Shashwat Sharma and Piero Triverio, University of Toronto
Abstract - Electromagnetic solvers are an essential tool for signal and power integrity engineers working at the chip, package and board level. The need for full-wave simulations is rapidly increasing, driven by emerging technologies (3D integration, 400 Gigabit Ethernet) and applications (cloud computing, IoT, quantum computing. As industrial needs in terms of computational electromagnetism soar well beyond the state of the art, new ideas and development become necessary to sustain technological progress.
This tutorial will first review the state of the art on integral equation methods for Maxwell's equations, that are often advocated for interconnect analysis. A comprehensive overview of their mathematical foundations will be presented, with an emphasis on: wideband modeling of skin effect, accounting for layered substrates, and acceleration with iterative solvers and far-field approximations.
Finally, we will survey recent advancements in the field including the parallelization of integral equation solvers across thousands of processing cores. Examples related to interconnect networks and integrated passive components will be presented.
Shashwat Sharma received the B.A.Sc. degree in Engineering Physics and the M.A.Sc. degree in Electrical Engineering from the University of Toronto, Canada, in 2014 and 2016, respectively. From September 2016 to March 2017 he worked as a Research Intern in the computational science group at Autodesk Research, Toronto. Since 2017 he has been working towards the Ph.D. degree in electrical engineering at the University of Toronto. His research focuses on computational electromagnetics, with an emphasis on fast and robust boundary element techniques for multiscale electromagnetic modeling. His interests include all aspects of numerical methods, computational science and high-performance computing in the context of electromagnetics.
Mr. Sharma received the Piergiorgio Uslenghi Letters Prize Paper Award (2021) and placed second at the CNC/USNC-URSI Student Paper Competition of the 2020 IEEE International Symposium on Antennas and Propagation and North American Radio Science Meeting (AP-S/URSI). He was also a finalist for the Best Student Paper Award at the 2018 IEEE Conference on Electrical Performance of Electronic Packaging and Systems. Mr. Sharma received honorable mentions for his contributions to the AP-S/URSI symposia in 2019 and 2020, and a TICRA-EurAAP Grant at the 2021 European Conference on Antennas and Propagation. He is currently serving as Vice Chair for the University of Toronto student chapter of the IEEE Antennas and Propagation Society.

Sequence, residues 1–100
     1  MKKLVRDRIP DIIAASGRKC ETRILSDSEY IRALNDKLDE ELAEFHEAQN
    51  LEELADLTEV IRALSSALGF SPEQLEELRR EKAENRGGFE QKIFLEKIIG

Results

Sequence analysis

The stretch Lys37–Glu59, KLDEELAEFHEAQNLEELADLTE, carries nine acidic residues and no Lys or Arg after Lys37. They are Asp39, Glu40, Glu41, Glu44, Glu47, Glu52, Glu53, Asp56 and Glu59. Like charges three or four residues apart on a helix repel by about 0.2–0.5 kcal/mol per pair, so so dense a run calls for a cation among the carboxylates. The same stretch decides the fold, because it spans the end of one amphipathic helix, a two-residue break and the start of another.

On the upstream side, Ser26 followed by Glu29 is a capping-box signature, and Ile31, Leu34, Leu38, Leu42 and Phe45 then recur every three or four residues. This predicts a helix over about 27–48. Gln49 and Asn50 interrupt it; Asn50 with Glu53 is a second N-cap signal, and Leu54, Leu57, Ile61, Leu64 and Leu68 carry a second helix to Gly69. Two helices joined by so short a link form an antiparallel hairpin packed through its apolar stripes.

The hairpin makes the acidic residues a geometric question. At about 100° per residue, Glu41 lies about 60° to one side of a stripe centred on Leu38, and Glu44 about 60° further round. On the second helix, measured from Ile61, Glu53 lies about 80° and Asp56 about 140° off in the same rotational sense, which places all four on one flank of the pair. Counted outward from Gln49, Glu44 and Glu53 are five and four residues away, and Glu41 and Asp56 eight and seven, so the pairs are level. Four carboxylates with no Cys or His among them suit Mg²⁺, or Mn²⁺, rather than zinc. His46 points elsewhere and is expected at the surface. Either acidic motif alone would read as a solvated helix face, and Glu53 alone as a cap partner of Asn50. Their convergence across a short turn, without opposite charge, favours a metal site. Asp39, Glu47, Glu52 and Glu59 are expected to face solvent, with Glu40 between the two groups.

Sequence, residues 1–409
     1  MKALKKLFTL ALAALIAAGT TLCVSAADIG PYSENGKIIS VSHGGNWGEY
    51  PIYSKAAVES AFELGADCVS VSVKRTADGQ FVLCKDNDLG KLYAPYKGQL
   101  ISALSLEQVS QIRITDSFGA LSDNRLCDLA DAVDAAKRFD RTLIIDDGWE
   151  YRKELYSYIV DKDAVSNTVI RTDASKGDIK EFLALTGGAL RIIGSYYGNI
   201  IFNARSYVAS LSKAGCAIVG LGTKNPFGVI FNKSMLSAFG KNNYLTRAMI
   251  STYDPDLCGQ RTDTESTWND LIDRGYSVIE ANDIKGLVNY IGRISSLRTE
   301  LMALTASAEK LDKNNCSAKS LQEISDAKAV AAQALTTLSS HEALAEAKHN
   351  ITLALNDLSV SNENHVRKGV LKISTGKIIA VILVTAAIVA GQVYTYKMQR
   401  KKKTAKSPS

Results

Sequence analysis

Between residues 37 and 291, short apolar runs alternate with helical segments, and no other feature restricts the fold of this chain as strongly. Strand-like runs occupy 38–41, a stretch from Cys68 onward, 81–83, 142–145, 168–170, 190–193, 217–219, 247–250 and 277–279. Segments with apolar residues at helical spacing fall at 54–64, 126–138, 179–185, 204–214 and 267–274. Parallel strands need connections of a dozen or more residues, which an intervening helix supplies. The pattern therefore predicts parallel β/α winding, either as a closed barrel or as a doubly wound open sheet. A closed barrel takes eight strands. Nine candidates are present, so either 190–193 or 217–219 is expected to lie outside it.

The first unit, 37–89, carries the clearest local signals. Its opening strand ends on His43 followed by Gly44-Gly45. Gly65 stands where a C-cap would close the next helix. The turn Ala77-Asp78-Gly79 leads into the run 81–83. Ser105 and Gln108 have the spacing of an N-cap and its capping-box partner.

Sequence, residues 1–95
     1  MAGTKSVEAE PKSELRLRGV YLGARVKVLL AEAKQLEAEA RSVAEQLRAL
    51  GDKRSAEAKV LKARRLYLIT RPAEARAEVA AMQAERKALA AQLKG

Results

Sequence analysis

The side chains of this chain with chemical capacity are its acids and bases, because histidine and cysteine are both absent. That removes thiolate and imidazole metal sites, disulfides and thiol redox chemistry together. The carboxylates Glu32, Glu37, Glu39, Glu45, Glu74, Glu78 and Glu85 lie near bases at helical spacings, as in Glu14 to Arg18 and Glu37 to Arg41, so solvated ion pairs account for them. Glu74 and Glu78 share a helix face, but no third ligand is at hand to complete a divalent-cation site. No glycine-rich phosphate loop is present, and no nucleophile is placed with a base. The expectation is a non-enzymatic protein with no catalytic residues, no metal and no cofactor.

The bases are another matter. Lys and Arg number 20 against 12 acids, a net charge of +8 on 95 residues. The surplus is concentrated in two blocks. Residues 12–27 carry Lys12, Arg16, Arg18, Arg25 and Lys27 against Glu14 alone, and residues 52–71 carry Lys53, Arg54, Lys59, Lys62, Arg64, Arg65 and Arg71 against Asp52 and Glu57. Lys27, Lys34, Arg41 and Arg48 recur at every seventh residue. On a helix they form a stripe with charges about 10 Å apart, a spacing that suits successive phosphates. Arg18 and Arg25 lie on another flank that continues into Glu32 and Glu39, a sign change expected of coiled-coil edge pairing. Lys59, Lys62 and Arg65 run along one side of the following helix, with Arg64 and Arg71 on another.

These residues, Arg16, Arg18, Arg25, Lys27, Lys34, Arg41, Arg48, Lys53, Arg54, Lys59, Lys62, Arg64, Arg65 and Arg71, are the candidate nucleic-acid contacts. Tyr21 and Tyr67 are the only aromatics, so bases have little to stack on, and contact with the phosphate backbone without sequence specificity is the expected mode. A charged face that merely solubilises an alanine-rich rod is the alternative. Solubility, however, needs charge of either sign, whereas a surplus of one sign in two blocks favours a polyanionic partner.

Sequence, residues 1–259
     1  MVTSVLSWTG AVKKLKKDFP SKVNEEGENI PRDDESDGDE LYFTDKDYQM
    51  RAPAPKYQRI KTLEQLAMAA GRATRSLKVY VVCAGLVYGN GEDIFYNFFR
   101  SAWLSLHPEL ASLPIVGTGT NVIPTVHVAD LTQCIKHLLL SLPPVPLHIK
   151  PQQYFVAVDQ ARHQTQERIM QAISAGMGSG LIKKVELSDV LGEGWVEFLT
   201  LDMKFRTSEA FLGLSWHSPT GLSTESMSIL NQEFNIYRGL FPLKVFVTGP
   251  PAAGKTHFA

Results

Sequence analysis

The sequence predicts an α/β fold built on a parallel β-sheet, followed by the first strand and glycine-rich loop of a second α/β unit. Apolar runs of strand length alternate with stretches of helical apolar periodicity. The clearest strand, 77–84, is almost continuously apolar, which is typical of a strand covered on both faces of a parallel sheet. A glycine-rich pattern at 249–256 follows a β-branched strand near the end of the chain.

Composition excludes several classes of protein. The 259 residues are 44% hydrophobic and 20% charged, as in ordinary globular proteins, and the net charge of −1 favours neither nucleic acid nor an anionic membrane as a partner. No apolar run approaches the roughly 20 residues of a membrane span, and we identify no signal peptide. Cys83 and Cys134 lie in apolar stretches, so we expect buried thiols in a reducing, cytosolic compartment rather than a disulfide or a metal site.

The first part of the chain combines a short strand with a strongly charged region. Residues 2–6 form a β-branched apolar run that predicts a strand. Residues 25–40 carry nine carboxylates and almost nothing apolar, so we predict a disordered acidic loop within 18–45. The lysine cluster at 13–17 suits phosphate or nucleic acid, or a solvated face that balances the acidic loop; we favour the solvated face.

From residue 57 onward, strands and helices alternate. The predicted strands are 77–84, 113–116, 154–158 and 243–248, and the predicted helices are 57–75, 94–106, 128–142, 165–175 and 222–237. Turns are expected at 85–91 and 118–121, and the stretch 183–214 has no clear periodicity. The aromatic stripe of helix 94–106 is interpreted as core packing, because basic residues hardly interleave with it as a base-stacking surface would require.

Piero Triverio received the Ph.D. degree in Electronic Engineering from Politecnico di Torino, Italy, in 2009. He is an Associate Professor in The Edward S. Rogers Sr. Department of Electrical & Computer Engineering (ECE) at the University of Toronto, and in the Institute of Biomaterials and Biomedical Engineering (IBBME). He holds the Canada Research Chair in Computational Electromagnetics. His research interests include signal integrity, computational electromagnetism, model order reduction, and computational fluid dynamics applied to cardiovascular diseases.
Prof. Triverio and his students received the Piergiorgio Uslenghi Letters Prize Paper Award (2021), the Best Paper Award of the IEEE Transactions on Advanced Packaging (2007), the EuMIC Young Engineer Prize (2010), and the Ontario Early Researcher Award (2016). From 2013 to 2018, Triverio held the Canada Research Chair in Modeling of Electrical Interconnects. Triverio and his students were awarded the Best Paper Award of the IEEE Conference on Electrical Performance of Electronic Packaging and Systems (2008, 2017), and several Best Student Paper Awards at international symposia. He serves as an Associate Editor for the IEEE TRANSACTIONS ON COMPONENTS, PACKAGING AND MANUFACTURING TECHNOLOGY. He is a member of the Technical Program Committee of the IEEE Workshop on Signal and Power Integrity, and of the IEEE Conference on Electrical Performance of Electronic Packaging and Systems.